2013 Fantasy Baseball Week 19 Waiver Wire: 3 to Catch, 3 to Cut, 3 to Keep
Sorry for the delay on this week’s edition, I spent the weekend in Vegas for a buddy’s bachelor party and was in absolutely no condition to write, reason, or put together any kind of cogent thought. Good thing I was gambling instead.
There are plenty of waiver wire columns out there that provide an exhaustive list of the most added players in fantasy leagues. This isn’t one of them. Here, we’ll run down a few lesser-known, lesser-considered, or lesser-owned players, with perspective on who deserves a your attention, who deserves your patience, and who deserves to go straight to bed without dessert.
3 TO CATCH
The departure of Jose Iglesias in the Jake Peavy trade has opened a hole in the left side of the Boston Red Sox infield. Like a really big, gaping sinkhole, the kind cars fall into. Other than Iglesias, no Red Sox third baseman has registered more than 50 plate appearances worth of a wOBA better than .286. Will Middlebrooks, who got the majority of the playing time at the hot corner before Iglesias took over the job, did manage to smack nine home runs, but he did so with a batting average stuck on the interstate (.192). Brandon Snyder and Brock Holt have both tried their hand at the position recently, but neither has a pedigree befitting a long term solution.
Enter top prospect Xander Bogaerts.
At first, calling up a 20-year old shortstop to play a brand new position for a team in the middle of a playoff race seems ridiculous, but then, things worked out pretty ok for Manny Machado and the Baltimore Orioles last season. So here we are, with Bogaerts alternating with Will Middlebrooks at third base in Pawtucket.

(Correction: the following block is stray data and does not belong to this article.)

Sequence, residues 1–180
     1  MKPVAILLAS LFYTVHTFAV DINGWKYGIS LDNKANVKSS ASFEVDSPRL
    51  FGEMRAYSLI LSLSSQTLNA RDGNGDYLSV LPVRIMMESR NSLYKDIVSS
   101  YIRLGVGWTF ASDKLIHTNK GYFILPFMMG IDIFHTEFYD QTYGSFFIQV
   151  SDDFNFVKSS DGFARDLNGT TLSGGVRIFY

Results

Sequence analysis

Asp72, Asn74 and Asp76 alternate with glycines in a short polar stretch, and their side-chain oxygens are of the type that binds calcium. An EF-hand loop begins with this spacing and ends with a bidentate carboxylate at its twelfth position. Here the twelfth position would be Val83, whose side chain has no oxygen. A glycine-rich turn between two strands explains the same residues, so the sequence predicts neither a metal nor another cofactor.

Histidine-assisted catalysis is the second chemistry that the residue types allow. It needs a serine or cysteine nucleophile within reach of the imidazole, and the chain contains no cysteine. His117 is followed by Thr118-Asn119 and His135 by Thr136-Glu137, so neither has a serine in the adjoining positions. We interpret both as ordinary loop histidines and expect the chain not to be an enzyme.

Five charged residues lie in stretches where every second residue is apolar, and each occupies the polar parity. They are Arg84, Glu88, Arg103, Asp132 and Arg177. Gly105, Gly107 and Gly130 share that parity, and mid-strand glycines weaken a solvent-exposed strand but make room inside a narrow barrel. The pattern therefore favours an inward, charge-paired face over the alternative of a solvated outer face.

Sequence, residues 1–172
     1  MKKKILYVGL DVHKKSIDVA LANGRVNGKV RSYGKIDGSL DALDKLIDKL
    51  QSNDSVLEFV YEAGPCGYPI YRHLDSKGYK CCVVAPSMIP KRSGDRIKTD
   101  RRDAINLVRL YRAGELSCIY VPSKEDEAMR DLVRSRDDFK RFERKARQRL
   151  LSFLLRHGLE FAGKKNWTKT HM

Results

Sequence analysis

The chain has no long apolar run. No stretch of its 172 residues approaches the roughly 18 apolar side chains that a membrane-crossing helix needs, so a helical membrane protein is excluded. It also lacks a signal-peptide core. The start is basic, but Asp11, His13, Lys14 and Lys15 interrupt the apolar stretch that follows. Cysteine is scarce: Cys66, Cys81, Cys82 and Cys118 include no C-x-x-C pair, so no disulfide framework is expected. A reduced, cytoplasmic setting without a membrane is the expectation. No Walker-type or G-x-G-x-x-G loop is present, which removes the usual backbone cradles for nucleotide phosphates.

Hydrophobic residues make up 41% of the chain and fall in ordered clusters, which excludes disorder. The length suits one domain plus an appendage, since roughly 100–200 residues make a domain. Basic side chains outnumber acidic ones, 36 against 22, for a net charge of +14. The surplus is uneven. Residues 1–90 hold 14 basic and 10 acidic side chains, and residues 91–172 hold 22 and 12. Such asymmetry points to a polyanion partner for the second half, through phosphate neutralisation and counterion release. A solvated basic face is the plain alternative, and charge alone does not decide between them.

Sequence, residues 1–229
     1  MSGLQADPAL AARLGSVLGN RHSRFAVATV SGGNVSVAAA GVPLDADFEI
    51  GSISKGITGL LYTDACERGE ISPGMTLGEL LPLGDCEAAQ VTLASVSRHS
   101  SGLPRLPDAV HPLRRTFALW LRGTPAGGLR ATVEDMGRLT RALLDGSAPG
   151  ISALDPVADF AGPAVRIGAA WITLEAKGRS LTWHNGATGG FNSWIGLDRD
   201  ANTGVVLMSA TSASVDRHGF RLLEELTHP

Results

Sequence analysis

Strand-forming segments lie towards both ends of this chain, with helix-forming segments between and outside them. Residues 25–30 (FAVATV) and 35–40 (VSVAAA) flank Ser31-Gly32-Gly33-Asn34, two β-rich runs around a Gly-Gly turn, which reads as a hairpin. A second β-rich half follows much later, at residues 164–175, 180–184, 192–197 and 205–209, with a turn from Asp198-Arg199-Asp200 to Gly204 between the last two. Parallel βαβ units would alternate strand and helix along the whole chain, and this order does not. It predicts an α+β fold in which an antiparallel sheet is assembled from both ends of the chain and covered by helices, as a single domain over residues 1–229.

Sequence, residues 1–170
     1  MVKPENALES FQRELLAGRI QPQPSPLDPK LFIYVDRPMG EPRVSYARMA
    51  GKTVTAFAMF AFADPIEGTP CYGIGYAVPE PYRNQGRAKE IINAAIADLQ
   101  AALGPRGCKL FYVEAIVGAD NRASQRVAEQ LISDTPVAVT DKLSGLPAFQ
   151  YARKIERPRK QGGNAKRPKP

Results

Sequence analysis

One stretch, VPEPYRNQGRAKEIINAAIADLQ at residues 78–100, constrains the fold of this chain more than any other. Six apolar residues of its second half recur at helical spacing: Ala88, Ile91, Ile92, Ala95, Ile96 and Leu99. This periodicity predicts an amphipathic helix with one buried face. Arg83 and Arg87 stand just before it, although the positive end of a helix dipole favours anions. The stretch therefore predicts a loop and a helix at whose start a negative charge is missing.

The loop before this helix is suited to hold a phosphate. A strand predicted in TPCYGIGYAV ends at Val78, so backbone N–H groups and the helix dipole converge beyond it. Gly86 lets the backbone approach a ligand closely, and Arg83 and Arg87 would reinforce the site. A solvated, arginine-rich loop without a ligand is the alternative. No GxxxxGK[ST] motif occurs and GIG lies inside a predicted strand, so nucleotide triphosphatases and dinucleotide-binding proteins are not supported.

Bogaerts has spent his summer haunting the dreams of International League pitching staffs, slashing .282/.378/.477 with eight homers and a pair of steals in 201 triple-A plate appearances. With spectacular plate discipline (0.74 BB/K) backing up those numbers, there’s strong reason to believe that he’ll hit immediately at the next level. The Red Sox have been noncommittal about a possible call up, but unless Holt or Snyder are unexpectedly effective or Middlebrooks suddenly starts making contact like Tony Gwynn, they might not have a choice. A team embroiled in a playoff race this tight can’t afford to take a negative at any position.
Bogaerts isn’t worth it yet in shallow leagues, but he’s a great speculative bench add in deeper formats.
To pick him up, I’d drop: Didi Gregorius, Yunel Escobar, Junior Lake
Craig Gentry | Texas Rangers | OF
This isn’t one of those times.
This is a time when Nelson Cruz’ arrogance, stupidity, and eventually, pragmatism, created opportunity. Now that Cruz has decided to take his medicine (to put himself in better position for a multi-million dollar payday next summer), there’s an open spot in the Texas Rangers outfield, a spot that Craig Gentry will get the first crack to fill. The team knew that Cruz would be suspended before last week’s trade deadline, but chose not to add a bat, owing to a market that didn’t provide “the same caliber of player to free agency that [it] once did,” according to GM Jon Daniels. That market isn’t likely to get any better now that the deadline has passed; I’d be floored if the Rangers added a replacement outfielder through a waiver deal in August.
That leaves Gentry with clear sailing to an everyday gig. He’s an outstanding defender in centerfield and there’s no reason to think he can’t hit enough to hang on to the job. His batting average has so far been sunk by a BABIP 30 points below his career average, but he’s nearly doubled his walk rate from last season and is running often and effectively. Gentry has absolutely no power, but his career-low 23.8% flyball rate ensures that very little of the contact he makes (and he makes a ton of contact) is wasted on balls in the air. The Rangers as a whole are committed to more of a “scratch and kick” approach without Cruz, which likely means they’ll be running even more often; Gentry’s a great bet for some cheap steals over the final two months of the season.
To pick him up, I’d drop: Dustin Ackley, Juan Pierre, Denard Span